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Argo splashing into the sea. Photo: André Marton Pedersen

A warmer ocean affects the weather

12 days ago
Written by André Marton Pedersen, Ronald Toppe
Ocean research > A warmer ocean affects the weather

A warmer ocean affects the weather

12 days agoOcean research
Written by André Marton Pedersen, Ronald Toppe
Argo splashing into the sea. Photo: André Marton Pedersen

The sea surface temperature around Japan is increasing rapidly. Satoru Yokoi wants to find out how it affects the weather.

Sailing from Palau to Yokohama, there were Japanese scientists on board, working at Jamstec, Japan Agency for Marine-Earth Science and Technology.

Satoru Yokoi is a meteorologist, and studies how the temperature of the sea affects the weather; how much it rains, and how intense the rainfalls are.

Satoru Yokoi, left, and his colleague Ayako Seiki. Photo: André Marton Pedersen
Satoru Yokoi, left, and his colleague Ayako Seiki. Photo: André Marton Pedersen

- The last few summers have been very hot in Japan, and Japan has received a lot of heavy rain. At the same time, we see that the sea surface temperature in the surrounding ocean is increasing faster than the global average, which may be the reason for this, says Yokoi.

Heated

The air above the sea surface is heated by the seawater, and brings water vapor with it as it rises. The warmer the sea, the more water evaporates, and the warmer the air above it is, the more water vapor the air can hold.

Yokoi and his colleagues brought three Argo buoys with them on their journey. With help from the crew, the buoys were launched along the way one by one. The buoys measure, among other things, the temperature and salinity of the seawater.

Jesper Skoglund helps deploying one of the Argo buoys. Photo: André Marton Pedersen
Jesper Skoglund helps deploying one of the Argo buoys. Photo: André Marton Pedersen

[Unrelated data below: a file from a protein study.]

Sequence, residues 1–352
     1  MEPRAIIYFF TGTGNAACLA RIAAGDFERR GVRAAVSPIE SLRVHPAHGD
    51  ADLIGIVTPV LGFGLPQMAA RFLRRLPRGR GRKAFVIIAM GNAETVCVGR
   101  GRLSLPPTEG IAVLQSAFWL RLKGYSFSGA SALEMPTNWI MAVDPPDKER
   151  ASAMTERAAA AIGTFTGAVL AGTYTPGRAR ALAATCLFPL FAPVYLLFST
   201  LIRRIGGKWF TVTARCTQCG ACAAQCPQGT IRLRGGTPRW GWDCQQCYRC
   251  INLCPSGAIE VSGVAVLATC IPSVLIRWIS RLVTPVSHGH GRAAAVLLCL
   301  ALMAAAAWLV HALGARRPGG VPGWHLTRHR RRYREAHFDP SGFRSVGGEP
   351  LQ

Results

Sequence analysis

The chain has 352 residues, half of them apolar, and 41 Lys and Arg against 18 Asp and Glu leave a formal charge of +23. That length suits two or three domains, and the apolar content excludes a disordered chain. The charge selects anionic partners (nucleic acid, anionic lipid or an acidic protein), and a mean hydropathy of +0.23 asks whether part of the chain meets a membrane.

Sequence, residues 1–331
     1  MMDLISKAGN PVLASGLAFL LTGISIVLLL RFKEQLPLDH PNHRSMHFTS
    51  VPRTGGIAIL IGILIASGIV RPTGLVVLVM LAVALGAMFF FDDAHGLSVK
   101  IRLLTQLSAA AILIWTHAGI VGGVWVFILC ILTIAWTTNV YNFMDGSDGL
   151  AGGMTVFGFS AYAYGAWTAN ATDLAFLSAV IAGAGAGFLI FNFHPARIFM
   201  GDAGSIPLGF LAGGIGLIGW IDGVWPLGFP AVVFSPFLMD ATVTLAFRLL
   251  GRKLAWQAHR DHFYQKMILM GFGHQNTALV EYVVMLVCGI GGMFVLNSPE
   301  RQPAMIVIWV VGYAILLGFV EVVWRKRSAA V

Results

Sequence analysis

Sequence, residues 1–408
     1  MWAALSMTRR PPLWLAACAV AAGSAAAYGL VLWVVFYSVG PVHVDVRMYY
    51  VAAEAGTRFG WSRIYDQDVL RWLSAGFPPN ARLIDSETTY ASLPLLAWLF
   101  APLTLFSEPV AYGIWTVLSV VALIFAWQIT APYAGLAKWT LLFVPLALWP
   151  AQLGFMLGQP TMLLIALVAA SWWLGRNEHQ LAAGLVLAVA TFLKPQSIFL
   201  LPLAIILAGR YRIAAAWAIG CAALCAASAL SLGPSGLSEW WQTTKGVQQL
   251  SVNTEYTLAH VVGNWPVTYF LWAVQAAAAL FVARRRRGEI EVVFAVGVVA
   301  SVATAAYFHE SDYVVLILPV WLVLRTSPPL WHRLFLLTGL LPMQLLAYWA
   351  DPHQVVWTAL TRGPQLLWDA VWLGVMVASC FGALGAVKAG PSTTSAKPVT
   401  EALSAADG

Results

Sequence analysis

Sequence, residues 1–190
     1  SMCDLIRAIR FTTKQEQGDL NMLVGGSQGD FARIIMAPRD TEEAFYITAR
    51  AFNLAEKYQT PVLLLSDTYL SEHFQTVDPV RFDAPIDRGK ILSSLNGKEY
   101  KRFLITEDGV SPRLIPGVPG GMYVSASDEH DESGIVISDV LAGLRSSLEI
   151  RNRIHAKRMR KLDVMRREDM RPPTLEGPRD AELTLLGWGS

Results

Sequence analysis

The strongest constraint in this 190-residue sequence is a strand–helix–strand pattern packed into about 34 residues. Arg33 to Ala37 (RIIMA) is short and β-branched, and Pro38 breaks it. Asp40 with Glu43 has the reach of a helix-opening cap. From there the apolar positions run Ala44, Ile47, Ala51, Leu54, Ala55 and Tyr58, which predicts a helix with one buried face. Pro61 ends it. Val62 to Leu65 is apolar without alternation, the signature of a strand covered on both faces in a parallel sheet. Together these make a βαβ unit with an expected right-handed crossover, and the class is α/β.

- We want better and more frequent measurements of the temperature and salinity in the sea, says Yokoi, and continues.

- The salt can be seen as a tracer that tells us where the seawater comes from, and how seawater from different places physically mixes, and also how much it rains. Rainwater reduces salinity.

Argo

There are currently 3,926 such Argo buoys floating around the world's oceans. Measuring instruments and communication equipment are mounted on top of yellow 1,5 meter long pipes. Inside the buoys is an air-filled bladder, and a motor that can fill up or contract it.

This makes the buoy capable of moving up and down in the sea. When the buoys are launched, they sink to predefined depths, where they drift around for ten days recording the conditions in the water around them. Then they ascend, and send the information home via satellite.

How the buoy has moved reflects the strength of the ocean currents in the area.

- It is a point for us to contribute to this international network, which monitors the ocean all over the world. We hope the buoys will work for a couple of years, and give us data that can be used in our studies of how the ocean and the atmosphere affect each other, says Yokoi.

The position of all the Argo buoys September 11 2022. Map: argo.ucsd.edu
The position of all the Argo buoys September 11 2022. Map: argo.ucsd.edu

Better than a bed

Yokoi has not only been researching his way across the ocean, he has done watch-duty like the rest.

- I like it very much, especially being up in the rigging. I was really scared, but once I tried I found that going up was not so scary, and I could enjoy the very beautiful scenery from the upper part of the ship. I also enjoyed the hammock. This is my first time sleeping in a hammock, and I think it is better than sleeping in a bed, he smiles.

Satoru Yokoi and Adi Pradowo Yudja Prajanto is cutting up the ruined royal for reuse. Photo: André Marton Pedersen
Satoru Yokoi and Adi Pradowo Yudja Prajanto is cutting up the ruined royal for reuse. Photo: André Marton Pedersen

But behind all the nice experiences lies the seriousness of the One Ocean Expedition.

- All people who live close to the coast should know that we should take care of the sea. We know that fisheries are a major source of microplastics, and we must also reduce the amount of garbage, says Yokoi.

- There are a lot of young people on board, from different countries, working hard sailing the ship together. This is very important for the future, to work together internationally to solve global problems.

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The One Ocean Expedition is a circumnavigation by the Norwegian tall ship Statsraad Lehmkuhl. We aim to to share knowledge about the crucial role of the ocean for a sustainable development in a global perspective.

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